0370 270 6000

already registered?

Please sign in with your existing account details.

need to register?

Register to access exclusive content, sign up to receive our updates and personalise your experience on brownejacobson.com.

Privacy statement - Terms and conditions

Whiskin v Sedgemoor District Council Appeal, Taunton County Court, 7 July 2005

6 September 2005
The issues

Occupiers Liability Act 1957 – Negligence – Extent of Duty and Foreseeability

The facts

The Claimant was the Defendant’s tenant. The Defendant was installing central heating in the Claimant’s home. The home was without hot water for two days. The Claimant complained. The Defendant supplied a hot water boiler (similar to a tea urn) and placed it in kitchen. The Claimant sustained serious scalding injury to shoulder and back whilst taking hot water upstairs in a pan to fill the bath.

The decision

It was accepted that the Defendant owed a duty of care to the Claimant, its tenant, in negligence and under the OLA 1957 and the Landlord and Tenant Act 1985. The questions concerned the extent of the duty and causation. The District Judge found that there was negligence and a breach of duty under the OLA 1957 by virtue of the fact that the Defendant sited the temporary boiler in the kitchen and should have known that there would be a need to use hot water upstairs. The Trial Judge also appeared to find that the council were negligent for not completing the installation of the central heating sooner. The District Judge found for the Claimant but reduced the damages by 60% because of the Claimant’s contributory negligence. The Defendant appealed.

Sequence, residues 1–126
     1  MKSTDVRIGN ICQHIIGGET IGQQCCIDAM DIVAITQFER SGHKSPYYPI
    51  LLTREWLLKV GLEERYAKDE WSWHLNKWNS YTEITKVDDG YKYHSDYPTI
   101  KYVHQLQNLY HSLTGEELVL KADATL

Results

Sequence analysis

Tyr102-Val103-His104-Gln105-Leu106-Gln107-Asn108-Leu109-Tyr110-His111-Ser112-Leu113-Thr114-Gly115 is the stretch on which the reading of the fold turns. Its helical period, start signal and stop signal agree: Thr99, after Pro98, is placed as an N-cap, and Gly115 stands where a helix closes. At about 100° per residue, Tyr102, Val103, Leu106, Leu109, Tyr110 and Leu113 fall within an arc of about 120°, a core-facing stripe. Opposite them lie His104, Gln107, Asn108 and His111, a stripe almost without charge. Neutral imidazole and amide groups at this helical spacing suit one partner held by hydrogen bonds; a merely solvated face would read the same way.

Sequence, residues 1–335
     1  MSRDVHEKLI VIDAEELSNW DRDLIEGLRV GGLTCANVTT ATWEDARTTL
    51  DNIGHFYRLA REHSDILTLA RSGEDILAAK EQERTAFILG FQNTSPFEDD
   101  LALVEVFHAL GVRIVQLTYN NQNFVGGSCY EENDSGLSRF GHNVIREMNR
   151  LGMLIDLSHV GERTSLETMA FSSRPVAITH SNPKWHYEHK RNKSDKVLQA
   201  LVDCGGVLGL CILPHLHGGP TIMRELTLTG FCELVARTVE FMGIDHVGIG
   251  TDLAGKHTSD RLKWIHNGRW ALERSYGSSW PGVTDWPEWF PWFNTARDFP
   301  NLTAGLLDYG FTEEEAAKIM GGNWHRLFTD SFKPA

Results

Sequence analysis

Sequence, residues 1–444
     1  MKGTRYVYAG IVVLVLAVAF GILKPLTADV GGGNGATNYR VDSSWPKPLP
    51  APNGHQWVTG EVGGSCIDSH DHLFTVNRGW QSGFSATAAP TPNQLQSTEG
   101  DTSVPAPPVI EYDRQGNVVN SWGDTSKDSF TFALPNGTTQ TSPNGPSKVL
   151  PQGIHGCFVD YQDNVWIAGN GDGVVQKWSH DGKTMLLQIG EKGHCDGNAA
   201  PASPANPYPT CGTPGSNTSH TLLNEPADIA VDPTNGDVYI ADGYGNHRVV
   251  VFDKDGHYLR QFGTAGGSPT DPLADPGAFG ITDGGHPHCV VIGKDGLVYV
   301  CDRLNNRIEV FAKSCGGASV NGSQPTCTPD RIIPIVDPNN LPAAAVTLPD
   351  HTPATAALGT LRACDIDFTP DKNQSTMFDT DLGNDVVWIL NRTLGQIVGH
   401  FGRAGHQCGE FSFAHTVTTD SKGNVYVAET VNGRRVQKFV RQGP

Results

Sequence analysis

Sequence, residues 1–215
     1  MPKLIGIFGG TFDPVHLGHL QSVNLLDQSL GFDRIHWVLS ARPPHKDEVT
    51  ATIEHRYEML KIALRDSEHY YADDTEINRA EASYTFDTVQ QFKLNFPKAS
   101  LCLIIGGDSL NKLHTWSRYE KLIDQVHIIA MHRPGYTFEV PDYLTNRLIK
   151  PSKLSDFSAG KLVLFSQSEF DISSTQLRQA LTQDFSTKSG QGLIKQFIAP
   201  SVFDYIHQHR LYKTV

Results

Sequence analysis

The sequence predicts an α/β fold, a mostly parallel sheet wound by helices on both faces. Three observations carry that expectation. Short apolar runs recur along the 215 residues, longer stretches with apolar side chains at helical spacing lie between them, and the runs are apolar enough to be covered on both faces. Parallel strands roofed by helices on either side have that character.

Comments

The Defendant appealed on the basis that the Judge (i) failed to identify precisely what breach of duty led to the decision on primary liability and (ii) failed to adequately address the issue of foreseeability and causation.

The Judge found that whilst there may have been a duty to provide the boiler, there was no duty to go any further in terms of the Claimant’s subsequent use of the boiler. There was no breach of duty. The Claimant’s actions in using an uncovered pan to carry boiling water upstairs was not foreseeable and the Defendant was not responsible for the Claimant’s subsequent actions.

For further details please contact Darren Salter at dms@veitchpenny.co.uk

focus on...

Legal updates

Non-payment of insurance premiums during the Coronavirus pandemic

The forced closure of many businesses as a result of the Coronavirus pandemic has had a huge impact on the nation’s Gross Domestic Product (GDP). Recent reports from the Office for National Statistics state that the economy was 25% smaller in April than it was in February this year.

View

Legal updates

Reinstatement for property damage losses – when does it apply?

The Court of Appeal has recently considered the correct test for measuring the indemnity for property damage losses and has provided useful guidance on whether an insured needs to intend to reinstate the property to its pre-loss condition.

View

Legal updates

Coronavirus (COVID-19) insurance considerations

With instances of COVID-19 rapidly increasing throughout the UK, many businesses are considering the options available to limit staff and customer exposure to Coronavirus.

View

Legal updates

Insurance annual review 2019-2020

Welcome to our review of 2019 as we look ahead to what is on the horizon for the insurance sector in 2020.

View

The content on this page is provided for the purposes of general interest and information. It contains only brief summaries of aspects of the subject matter and does not provide comprehensive statements of the law. It does not constitute legal advice and does not provide a substitute for it.

mailing list sign up



Select which mailings you would like to receive from us.

Sign up